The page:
Panic Attacks and Social Anxiety

Are panic attacks and social anxiety the same?  Absolutely not!  Can they go hand in hand?  Most certainly.  Panic attacks and social anxiety are commonly misinterpreted for each other and are even sometimes misdiagnosed.  In appearance, they can look very similar, but they are fundamentally entirely different.

Panic attacks and social anxiety can be triggered by social situations and even resemble each other in symptomatology, but panic attacks typically exhibit much worse symptoms.  They are terrifying to both the one having the panic attack and bystanders.

Here’s the big difference when diagnosing panic attacks:  If your panic attack happens at the thought of or being in social situations, you may have social anxiety with panic attacks.  If your panic attacks happen without the social aspect, another diagnosis should be considered.

‘Social Anxiety with Panic Attacks’ is relevant and more common in recent years.   The DSM-5 (Diagnostic Statistics Manual, 5th edition, has revised the applications for panic attacks and included it as a specifier for other mental health diagnoses.

For instance, a diagnosis of Obsessive-Compulsive Disorder can also carry the specifier “with Panic Disorder”.  Likewise, Social Anxiety can also carry the specifier.

Symptoms of Panic Attacks

Panic attacks in social situations are debilitating, petrifying and can sneak up without a moment’s notice.  Sometimes they are preceded by a series of warning signs like an uneasy feeling, nausea, and increased heart rate.  It just so happens those are all normal symptoms of social anxiety, so picking up on an impending panic attack isn’t always easy.

Here are several common physical and psychological symptoms experienced with panic attacks:

  • Racing heart, shortness of breath
  • Shaking/trembling
  • Profuse and unexplained sweating
  • Chest pain
  • Abdominal pain, nausea
  • Dry mouth
  • Ringing of the ears
  • Numbness or tingling
  • Dizziness, light-headedness
  • Weighted extremities, like something is pulling downward
  • Feeling detached from the body (out of body experience)
  • Hyperventilation
  • Passing out
  • Unhinged in reality.

The symptoms and triggers are as different as people in general.  One person might have a panic attack when faced with public speaking obligations while another might experience a panic attack merely thinking about going to a wedding and sitting at a table with strangers.  Notice how both are vastly different situations but are both related to a social anxiety facet.

Furthermore, each person who suffers from social anxiety with panic attacks may have their own unique combination of the above symptoms; albeit they are more complex and intense than social anxiety symptoms alone.

Why Panic Attacks?

In short, panic is how the body sometimes reacts to severe, unrelenting stress.  A healthy human body is pretty resilient.  We get over illnesses and come bouncing back. However, what about an illness or feeling that doesn’t go away so easily.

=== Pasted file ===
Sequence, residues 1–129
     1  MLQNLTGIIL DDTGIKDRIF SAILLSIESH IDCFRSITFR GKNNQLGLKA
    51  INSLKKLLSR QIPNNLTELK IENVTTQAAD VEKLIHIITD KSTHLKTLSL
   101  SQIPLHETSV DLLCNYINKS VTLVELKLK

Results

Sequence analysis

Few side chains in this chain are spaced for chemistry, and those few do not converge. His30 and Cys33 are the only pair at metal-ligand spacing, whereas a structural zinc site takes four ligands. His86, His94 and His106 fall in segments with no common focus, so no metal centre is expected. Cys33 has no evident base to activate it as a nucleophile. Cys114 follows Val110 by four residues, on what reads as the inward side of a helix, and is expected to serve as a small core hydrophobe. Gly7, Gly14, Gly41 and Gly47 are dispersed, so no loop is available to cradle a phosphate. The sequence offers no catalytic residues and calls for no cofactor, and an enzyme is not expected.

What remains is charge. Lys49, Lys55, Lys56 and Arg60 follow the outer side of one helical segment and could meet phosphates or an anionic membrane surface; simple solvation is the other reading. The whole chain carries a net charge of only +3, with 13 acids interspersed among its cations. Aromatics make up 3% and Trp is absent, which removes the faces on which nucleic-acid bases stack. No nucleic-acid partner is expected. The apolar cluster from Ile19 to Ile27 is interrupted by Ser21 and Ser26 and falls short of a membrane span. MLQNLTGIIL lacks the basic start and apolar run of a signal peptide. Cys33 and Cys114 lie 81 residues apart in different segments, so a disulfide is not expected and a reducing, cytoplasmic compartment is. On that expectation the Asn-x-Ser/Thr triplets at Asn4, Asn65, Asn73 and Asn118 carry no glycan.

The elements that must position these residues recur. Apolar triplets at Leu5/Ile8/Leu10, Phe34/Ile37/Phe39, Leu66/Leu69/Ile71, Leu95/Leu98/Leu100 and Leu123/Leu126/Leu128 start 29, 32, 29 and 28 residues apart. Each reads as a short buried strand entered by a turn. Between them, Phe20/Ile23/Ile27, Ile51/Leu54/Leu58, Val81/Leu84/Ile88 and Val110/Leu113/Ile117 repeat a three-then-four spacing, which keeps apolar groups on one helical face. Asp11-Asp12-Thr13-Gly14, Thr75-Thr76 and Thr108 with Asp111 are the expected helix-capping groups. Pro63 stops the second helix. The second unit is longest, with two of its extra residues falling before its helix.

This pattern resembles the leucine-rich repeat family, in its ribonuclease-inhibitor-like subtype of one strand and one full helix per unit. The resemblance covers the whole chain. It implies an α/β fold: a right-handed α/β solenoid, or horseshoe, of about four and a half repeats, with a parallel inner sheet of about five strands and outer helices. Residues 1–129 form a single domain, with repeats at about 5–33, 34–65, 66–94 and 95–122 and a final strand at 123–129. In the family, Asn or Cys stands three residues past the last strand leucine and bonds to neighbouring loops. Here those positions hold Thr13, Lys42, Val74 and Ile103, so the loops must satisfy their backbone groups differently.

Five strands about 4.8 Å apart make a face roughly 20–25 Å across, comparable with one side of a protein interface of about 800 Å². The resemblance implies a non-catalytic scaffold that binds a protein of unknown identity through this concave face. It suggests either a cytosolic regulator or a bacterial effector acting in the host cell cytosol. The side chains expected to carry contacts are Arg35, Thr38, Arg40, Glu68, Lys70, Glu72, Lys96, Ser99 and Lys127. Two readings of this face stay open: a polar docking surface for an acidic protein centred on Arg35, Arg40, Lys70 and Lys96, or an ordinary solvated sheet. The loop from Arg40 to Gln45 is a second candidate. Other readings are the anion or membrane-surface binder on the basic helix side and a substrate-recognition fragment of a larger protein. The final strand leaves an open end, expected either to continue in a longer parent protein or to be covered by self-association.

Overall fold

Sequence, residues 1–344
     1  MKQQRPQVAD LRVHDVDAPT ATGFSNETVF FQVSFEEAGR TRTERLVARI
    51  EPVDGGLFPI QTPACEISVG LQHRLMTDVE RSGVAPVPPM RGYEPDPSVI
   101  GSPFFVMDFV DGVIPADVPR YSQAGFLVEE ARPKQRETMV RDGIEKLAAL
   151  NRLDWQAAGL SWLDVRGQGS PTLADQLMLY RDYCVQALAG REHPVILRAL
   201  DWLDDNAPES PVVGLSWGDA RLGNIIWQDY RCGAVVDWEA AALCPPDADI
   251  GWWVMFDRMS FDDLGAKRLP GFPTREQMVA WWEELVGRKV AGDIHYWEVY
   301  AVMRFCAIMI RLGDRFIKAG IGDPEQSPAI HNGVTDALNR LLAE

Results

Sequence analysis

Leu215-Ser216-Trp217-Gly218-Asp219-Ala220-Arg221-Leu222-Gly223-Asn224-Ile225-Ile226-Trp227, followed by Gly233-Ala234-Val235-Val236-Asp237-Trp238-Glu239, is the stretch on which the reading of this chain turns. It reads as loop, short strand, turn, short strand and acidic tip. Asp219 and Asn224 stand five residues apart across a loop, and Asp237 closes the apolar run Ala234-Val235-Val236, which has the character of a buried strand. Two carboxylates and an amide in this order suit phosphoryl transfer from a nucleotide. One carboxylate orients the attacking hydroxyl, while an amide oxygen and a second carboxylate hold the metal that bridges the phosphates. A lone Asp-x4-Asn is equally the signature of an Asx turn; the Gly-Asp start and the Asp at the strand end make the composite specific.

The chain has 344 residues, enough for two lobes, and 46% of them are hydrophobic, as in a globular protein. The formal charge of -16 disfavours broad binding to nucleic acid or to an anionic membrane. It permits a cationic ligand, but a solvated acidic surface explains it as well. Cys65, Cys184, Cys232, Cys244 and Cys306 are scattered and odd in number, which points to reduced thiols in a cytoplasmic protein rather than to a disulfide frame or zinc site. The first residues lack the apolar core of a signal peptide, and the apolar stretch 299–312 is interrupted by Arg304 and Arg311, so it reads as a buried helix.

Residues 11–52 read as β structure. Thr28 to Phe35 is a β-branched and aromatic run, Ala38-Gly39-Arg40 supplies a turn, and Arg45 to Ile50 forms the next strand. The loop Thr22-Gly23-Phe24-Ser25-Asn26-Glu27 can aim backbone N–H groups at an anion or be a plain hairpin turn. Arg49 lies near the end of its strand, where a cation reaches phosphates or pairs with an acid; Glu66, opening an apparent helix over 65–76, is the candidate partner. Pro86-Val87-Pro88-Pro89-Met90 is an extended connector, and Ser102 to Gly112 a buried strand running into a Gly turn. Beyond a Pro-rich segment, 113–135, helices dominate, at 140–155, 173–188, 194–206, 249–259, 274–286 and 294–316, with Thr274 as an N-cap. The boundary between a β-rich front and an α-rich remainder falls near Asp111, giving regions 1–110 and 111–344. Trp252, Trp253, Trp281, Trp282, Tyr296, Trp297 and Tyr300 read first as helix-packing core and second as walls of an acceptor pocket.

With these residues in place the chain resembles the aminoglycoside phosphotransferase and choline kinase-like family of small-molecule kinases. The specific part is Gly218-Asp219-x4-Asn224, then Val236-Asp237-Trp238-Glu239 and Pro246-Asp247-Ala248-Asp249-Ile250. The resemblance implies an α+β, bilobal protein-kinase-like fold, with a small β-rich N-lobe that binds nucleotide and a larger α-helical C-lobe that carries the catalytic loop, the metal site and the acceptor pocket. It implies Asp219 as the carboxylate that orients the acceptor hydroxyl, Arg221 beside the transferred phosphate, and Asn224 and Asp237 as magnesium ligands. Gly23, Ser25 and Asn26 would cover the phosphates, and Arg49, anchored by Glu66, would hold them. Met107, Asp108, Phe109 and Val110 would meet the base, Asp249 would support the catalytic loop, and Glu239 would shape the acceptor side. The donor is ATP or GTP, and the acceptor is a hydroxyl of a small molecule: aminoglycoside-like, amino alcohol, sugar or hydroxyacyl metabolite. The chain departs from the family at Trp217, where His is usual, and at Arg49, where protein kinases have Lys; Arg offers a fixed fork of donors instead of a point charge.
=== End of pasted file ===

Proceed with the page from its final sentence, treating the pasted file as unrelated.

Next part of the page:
Stress does this.  Stressors about social anxiety are tough, hard to manage and seem enormous.  Bigger than life.  Like something unimaginable is going to swallow you whole if you continue in this situation.  If fleeing isn’t an option, panic ensues.

Some researchers suggest a genetic component to panic attacks.  This seems likely as social anxiety is largely due to genetics and/or underdeveloped social skills.  Our bodies have to cope one way or another with what we subject them to and panic attacks are an example of too much stress for too long.

Treatment

Social anxiety is the third most common cause of alcoholism in the United States.  People suffering from these crippling symptoms frequently turn to alcohol.

Alcohol aids in warding off the anxiety components long enough to get through the social situation.   The problem with using alcohol as a crutch is that it becomes habitual and less effective as time goes on.  Then the use starts to be more than just during intense social engagements and may be entertained during all times of the day, every day.

As with social anxiety alone, treatments for panic attacks with social anxiety are much the same.  Of course, a diagnosis should be made by a trusted health care or mental health care specialist.  Psychotherapy or “couch time” is a viable option.  Addressing the underlying issues and getting to the root of the problems could alone work.

Group therapy is also commonplace in treatment.  Sometimes though, medications might be indicated.

Panic attacks with social anxiety may seem like the end of the world, but it is treatable.  It will take dedication, time and patience.  These horrendous and dreaded symptoms can be drastically lightened and the whole world looks new and exciting.  It’s worth a try, that’s for sure!

 

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